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Spring Rain

Li, Shang Yin   (812? CE-858 CE)

This spring morning I lie sad on my bed in white insulated clothes.
The white door 1 is barren and I am sorrowful. 2
I feel cold as I watch the red tower 3 through the rain.
When I went home last night after sending you off,
The rain fell like a pearl curtain and street lamps seemed to drift in the air.
During your long journey, you should lament the sunset as I do.
Early in the morning I remembered that we met in my dream.
How can I send you my love letter and the jade earrings?
Even if I could find such a kind goose 4,
How can it pierce through a thousand mile of dense clouds 5?




1 Here the white door refers in general to lovers' secret rendezvous. It comes from a folk song of the South dynasty, "Yang, the Traitorous Daughter": "I step out the white door for a while/ And hide behind the willow trees./ I would love to be the fragrance submerged in water./ And you would be the huge furnace in the mountain."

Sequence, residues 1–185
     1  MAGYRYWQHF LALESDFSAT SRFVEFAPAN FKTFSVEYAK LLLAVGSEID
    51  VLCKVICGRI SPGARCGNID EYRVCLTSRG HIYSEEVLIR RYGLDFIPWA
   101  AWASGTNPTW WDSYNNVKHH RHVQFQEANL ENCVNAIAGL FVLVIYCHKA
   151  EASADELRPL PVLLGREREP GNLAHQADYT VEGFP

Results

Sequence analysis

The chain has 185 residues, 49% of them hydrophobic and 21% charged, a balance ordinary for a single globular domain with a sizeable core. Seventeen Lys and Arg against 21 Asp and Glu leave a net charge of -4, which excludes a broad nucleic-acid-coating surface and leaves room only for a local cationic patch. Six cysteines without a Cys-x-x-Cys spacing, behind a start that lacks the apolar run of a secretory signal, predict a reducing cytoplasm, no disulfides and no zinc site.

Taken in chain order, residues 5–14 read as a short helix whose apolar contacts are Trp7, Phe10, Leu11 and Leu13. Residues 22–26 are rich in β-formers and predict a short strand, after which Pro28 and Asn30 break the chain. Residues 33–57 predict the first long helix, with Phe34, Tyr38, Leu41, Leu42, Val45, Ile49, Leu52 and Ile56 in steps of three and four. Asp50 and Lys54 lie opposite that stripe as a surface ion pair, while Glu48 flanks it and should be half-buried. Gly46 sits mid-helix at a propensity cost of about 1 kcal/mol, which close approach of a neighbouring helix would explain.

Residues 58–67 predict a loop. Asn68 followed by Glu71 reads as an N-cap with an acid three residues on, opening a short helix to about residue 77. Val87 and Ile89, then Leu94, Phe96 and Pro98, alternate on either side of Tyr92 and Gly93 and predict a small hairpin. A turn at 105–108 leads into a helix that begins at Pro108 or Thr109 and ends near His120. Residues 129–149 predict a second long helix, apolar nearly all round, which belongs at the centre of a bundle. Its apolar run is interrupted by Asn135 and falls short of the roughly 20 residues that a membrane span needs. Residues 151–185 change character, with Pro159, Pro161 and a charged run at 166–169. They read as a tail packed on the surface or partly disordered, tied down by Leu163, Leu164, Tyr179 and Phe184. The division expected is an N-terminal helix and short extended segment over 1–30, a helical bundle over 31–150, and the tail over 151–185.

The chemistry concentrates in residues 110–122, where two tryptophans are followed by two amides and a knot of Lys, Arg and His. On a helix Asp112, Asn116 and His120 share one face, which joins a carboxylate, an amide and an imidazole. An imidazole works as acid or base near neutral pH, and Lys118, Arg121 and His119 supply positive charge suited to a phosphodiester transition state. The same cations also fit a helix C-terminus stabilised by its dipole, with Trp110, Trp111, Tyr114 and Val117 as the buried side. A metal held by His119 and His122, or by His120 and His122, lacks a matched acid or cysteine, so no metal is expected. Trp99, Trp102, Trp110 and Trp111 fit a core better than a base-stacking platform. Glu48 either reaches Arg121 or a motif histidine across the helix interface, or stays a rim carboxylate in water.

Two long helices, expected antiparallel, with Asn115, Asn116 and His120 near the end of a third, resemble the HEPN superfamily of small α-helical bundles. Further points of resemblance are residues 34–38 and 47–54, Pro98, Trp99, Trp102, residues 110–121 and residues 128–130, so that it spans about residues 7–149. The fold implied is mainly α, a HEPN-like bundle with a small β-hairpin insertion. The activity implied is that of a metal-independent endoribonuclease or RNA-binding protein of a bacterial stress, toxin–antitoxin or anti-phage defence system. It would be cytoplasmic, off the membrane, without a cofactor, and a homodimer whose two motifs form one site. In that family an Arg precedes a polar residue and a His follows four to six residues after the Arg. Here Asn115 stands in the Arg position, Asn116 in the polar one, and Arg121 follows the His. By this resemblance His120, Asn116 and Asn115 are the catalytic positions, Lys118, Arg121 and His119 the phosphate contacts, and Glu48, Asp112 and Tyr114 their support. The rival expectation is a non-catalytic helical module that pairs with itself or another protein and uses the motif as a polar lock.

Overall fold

2 The first two lines hint that Li hardly slept during the night.

3 The red tower was the place where Liís lover used to live.

4 This refers to a legend from the time of the Han dynasty (206 B.C.-220 A.D.). In 100 B.C., after a period of peace between Hungary and the Han dynasty of China, the King of Hungary detained Ambassador Wu Su of China. This started a war (99 B.C) which lasted 18 years. When they agreed to a truce, the Emperor of China sent an envoy to inquire about Wu Su. The King of Hungary first denied any knowledge of the affair. The envoy made up a story by saying, "The Emperor of China received a letter that Wu had tied to the leg of a wild goose." The King of Hungary then admitted to his fault and released Wu Su. Later, in their fiction, Chinese writers often used a wild goose as a means of delivering letters.

5 Here dense clouds refer to the obstacle of traditional taboos.